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Oh Be Joyful kayak race is back

“Oh Be Joyful is my favorite one ever”

by Than Acuff

After a one-year hiatus, the internationally known Oh Be Joyful kayak race is back this year and set to go off on Saturday, June 22.

Oh Be Joyful creek is out the Slate River drainage pouring down from the basin behind Mt. Emmons and into the Slate River. It is a class V steep creek run, rife with waterfalls, slide rapids and make-or-break moves.

Tim Kegerman, Jack Barker and Dan Hicks are credited with the first descent of Oh Be Joyful back in 1992. Once word spread, the creek run gained renown, attracting some of the top boaters of the time such as Clay Wright, BJ Johnston and Tracy Clapp. Meanwhile a local contingent of kayakers that included Keith Fortin, Jeff Deutsch, Aaron Lypps, John Banker, Steve Melnick and Milo Wynne, to name a few, were making it part of their daily routine each spring.

But it wasn’t entirely a man show, as local women Andi Burnite, Niki Schroer and Bradley Richmond were in the mix as well.

“When it was high water, it was the most intense thing I’ve ever done,” says Deutsch. “You put on and the next thing you know you’re taking out but you’ve gone three-quarters of a mile and dropped 600 feet. It was like a time warp.”

Paul Raymond took over the reins of the famed race this year and has garnered the support of the Brick Oven, the Crested Butte/Mt. Crested Butte Chamber of Commerce and several companies providing prizes for the event.

Raymond grew up kayaking and has traveled throughout the country as well as into Chile to seek out waterfalls and classic river and creek descents. He saw a DVD of the 2008 race and was instantly intrigued.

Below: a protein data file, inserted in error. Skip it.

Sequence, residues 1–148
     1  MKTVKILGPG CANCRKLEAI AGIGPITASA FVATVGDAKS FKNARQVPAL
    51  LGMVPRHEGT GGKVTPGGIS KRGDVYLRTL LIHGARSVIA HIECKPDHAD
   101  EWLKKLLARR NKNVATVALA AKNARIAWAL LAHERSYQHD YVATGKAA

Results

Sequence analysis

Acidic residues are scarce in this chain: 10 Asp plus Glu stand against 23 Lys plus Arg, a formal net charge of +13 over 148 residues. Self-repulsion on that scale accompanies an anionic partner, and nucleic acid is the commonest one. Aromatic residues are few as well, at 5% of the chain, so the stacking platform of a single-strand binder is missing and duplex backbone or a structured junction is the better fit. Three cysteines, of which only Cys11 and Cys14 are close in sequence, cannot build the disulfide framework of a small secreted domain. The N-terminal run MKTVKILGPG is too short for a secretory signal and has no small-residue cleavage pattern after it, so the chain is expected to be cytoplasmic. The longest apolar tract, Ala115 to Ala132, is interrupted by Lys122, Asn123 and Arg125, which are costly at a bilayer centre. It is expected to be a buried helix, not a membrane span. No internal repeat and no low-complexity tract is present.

“I saw that and I was like, that’s where I want to be,” says Raymond.

After a brief stint at CU Boulder, Raymond came to the Gunnison Valley to seek out Oh Be Joyful in 2012 and was hooked instantly, joining into the race as well.

“I’ve run creeks all over the Front Range, in Chile and all of the ones around here,” says Raymond. “Oh Be Joyful is my favorite one ever. That’s what brought me to the valley. It’s world-known, it’s a big deal. People plan trips to Colorado to come to Crested Butte just to run Oh Be Joyful.”

Wynne has been paddling Oh Be Joyful since the mid- to late 1990s and has been a part of the race in some capacity off and on throughout the years. When he can’t make it, his buddy, G Gordo Liddy, fills his shoes to keep an eye on things.

“I’ve raced a few times but that’s not my scene really,” says Wynne. “I wasn’t the fastest but I was smiling the whole time. In the years I can help out with safety I hang out at the big drop and set up the Freedom Center. We’ll have three ropes in there pulling out the wounded warriors.”

With a copious winter and temperatures on the rise, Raymond expects levels to be mid to high come race day, which can be good or bad, depending on the kayaker.

“It depends on who you ask—everyone has their own preferred level,” explains Raymond. “I like when it’s high, nice and fluffy. Some people like it lower and slower. I’ve been keeping an eye on the snowpack and levels and I think it’s going to be at a great level in two weeks.”

Raymond has 17 signed up so far for the race and is hoping to get as many as 35 to 40 out on race day. The course itself is just over three-quarters of a mile long and takes racers between four and six minutes to make the run.

The course starts at the Wilderness Area sign and Raymond plans on having each participant run the creek twice, starting around 10 a.m., with the fastest time overall taking the title.

Information and registration can be found at cbchamber.com or facebook.com/TheOBJRace.

“Normally, peak flow is the first week of June but this isn’t normal,” adds Wynne. “I’m just gonna say it’s gonna be high at a minimum, but there’s nothing wrong with high. The heavy hitters are loving it and only the heavies are going to style it. It takes courage and you have to remain calm. Don’t pull your paddle stoke until you see the landing.”

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